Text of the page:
Be absolutely sure you have written your class plan and/or reviewed any choreography. A classroom teacher who shows up without a lesson plan invites chaos: Trying to teach on the fly leaves room for mistakes and awkward transitions, no matter how many years you’ve been teaching. Your class plan might consist of creative, custom notes or prechoreographed material from a licensed company. Either way, prepare your notes the night before and place them in a special spot—near your keys, for example.
CHECK YOUR PLAYLIST
Do not expect yourself to be a predawn DJ. Create and download your playlist and charge your device the night before. In fact, double-check your device:
- Is it really charging (is there a lightning bolt in the upper corner)? You don’t want to get to class with a dead device because you assumed it was charging.
- Did the playlist actually download, or is it stuck in the cloud? Occasionally you may add and delete items to accommodate storage space, and you may forget to back it up. You don’t want to start setting up for class only to discover that your preferred (and often necessary) playlist is missing. Always have a backup plan for music, whether it’s an older, charged device with a “go-to” playlist or something the facility offers.
NOURISH YOURSELF AND BE “ALARMED”
If you must have java to get started, be sure to program your coffee maker or have your caffeine or juice ritual in place. Also set out your preworkout snack or drink, as you will need to nourish yourself. Bananas, apples, nuts and protein bars/drinks are convenient.
You may want to consider setting two alarms instead of one, to cover your bases. Oh, the relief you will feel! In addition to your smartphone alarm (which seems to be the current standard), set a second alarm, which could be another smart device or just an old-school alarm clock. You will have greater peace of mind knowing that if one alarm doesn’t ring, the other one will. This may be essential to getting restful sleep as an early-bird fitness instructor.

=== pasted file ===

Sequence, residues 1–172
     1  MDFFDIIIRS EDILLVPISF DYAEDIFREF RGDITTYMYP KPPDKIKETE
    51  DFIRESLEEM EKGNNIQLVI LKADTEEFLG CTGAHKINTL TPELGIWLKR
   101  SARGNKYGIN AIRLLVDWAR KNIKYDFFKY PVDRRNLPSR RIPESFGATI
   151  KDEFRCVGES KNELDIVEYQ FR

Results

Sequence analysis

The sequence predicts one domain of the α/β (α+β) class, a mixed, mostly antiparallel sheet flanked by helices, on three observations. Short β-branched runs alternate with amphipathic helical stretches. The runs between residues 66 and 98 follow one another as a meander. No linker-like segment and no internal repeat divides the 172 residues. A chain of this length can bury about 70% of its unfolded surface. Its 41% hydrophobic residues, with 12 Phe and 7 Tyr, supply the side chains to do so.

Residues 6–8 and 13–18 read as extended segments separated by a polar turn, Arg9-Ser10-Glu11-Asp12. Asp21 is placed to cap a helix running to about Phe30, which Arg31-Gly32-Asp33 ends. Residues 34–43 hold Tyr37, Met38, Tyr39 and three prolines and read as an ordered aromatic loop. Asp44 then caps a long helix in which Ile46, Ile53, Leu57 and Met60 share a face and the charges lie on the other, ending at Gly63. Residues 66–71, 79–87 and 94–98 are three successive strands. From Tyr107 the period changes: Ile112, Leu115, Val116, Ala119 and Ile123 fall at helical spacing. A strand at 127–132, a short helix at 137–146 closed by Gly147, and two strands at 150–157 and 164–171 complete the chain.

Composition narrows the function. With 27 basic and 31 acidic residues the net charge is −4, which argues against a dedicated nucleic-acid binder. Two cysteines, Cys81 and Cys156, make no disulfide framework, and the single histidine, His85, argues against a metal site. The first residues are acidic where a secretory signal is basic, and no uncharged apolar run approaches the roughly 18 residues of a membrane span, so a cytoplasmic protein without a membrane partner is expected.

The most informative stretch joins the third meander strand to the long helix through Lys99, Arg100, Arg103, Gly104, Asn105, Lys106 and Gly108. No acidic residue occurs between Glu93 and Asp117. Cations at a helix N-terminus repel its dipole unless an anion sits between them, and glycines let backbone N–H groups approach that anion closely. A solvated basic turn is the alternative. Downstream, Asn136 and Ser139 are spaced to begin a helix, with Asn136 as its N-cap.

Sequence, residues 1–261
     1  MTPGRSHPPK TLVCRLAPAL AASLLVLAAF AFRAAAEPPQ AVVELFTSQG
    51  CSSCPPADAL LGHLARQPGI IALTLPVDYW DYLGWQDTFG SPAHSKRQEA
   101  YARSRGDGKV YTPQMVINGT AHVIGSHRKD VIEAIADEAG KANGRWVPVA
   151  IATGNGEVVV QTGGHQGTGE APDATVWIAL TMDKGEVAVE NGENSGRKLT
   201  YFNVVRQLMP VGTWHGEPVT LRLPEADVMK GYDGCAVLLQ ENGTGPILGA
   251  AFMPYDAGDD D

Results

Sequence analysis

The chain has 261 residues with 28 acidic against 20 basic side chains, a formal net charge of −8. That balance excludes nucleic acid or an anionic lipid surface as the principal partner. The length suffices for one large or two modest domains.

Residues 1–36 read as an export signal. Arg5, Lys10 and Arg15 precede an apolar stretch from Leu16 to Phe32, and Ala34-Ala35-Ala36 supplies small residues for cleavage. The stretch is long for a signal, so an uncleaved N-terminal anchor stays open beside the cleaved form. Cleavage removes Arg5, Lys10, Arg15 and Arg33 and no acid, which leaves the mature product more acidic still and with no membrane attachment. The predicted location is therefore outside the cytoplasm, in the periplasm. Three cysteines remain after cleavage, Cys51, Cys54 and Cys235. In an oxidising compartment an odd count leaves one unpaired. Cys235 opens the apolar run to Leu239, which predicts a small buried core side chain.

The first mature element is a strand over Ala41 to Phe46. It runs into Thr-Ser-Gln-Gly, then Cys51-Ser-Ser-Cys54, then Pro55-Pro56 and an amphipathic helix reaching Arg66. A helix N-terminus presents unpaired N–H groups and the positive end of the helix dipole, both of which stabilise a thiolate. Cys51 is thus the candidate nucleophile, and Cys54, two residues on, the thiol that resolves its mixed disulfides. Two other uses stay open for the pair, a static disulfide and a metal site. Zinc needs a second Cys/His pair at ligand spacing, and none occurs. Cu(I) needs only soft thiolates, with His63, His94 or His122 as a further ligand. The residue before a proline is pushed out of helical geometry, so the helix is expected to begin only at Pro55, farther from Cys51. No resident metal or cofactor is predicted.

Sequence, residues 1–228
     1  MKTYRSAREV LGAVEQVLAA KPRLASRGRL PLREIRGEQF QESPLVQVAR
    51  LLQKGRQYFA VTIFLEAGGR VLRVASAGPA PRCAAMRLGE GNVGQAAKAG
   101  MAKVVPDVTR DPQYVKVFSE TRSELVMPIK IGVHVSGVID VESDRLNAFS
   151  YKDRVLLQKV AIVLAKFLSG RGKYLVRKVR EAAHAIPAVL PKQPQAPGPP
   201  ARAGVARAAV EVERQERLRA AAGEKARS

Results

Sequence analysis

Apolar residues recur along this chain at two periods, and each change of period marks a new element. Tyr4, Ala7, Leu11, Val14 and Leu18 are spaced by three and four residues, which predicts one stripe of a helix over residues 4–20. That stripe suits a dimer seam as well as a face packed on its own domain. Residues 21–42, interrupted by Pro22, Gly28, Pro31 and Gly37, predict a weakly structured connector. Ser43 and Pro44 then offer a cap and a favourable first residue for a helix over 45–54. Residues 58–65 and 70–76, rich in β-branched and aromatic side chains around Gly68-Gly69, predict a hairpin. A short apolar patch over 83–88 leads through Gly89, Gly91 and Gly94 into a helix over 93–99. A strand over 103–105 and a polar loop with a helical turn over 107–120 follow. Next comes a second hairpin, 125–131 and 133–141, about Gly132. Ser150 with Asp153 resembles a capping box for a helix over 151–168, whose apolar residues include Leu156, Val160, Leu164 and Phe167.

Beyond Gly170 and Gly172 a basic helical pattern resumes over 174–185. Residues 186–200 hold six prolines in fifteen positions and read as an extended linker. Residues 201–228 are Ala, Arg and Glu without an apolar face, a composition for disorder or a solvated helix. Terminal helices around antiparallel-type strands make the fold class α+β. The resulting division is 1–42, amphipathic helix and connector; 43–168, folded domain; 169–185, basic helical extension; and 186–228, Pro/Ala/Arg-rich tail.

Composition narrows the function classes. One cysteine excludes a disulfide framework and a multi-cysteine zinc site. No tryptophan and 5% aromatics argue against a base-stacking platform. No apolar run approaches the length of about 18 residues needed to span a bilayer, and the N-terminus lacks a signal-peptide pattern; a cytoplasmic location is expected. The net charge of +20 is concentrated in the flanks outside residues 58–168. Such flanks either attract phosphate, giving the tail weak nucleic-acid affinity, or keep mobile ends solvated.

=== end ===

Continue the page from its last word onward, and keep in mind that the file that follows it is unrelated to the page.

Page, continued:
Policies and Communications Preparations
Know your facility’s plans and policies regarding various contingencies. Participants put in as much effort as you do to get to class at that early hour, so determine in advance how you’ll contact them in an “emergency” situation. They will appreciate the communication and heads-up.
HAVE A SICK POLICY
There will likely be times when you wake up feeling ill or need to care for a sick family member. This is why it’s so important to talk to your owner or group exercise director in advance to establish a plan. For example, do you call the front desk and let them take care of all the details? Or do you need to find a substitute? If getting a sub during the night is nearly impossible, will you cancel the class? Are you able to message your participants? It is comforting to know that a plan is “locked and loaded” if you wake up feeling sick. Don’t wait until you are violently ill to consider this issue!
PLAN FOR INCLEMENT WEATHER AND OVERSLEEPING
You also need to determine what will happen if you can’t make it to class because of unsafe weather conditions or car problems. And if the unthinkable occurs and you oversleep—it does happen—what is the fallback plan? Oddly, just having a plan for this cringy situation will help you sleep better.
Focus and Visualize Success
By taking a few well-thought-out steps, you can survive your 4:15 a.m. alarm. Be proactive! Each night prior to teaching, take a moment to visualize your morning. Walk yourself through each step of your routine, from the moment your alarm rings to the moment you push “play” on the stereo. Along the way, ask yourself “What if . . . ?” questions. If you succeed in planning, your plan will be a success. You’ll arrive at your predawn class rested, confident and with a genuine smile.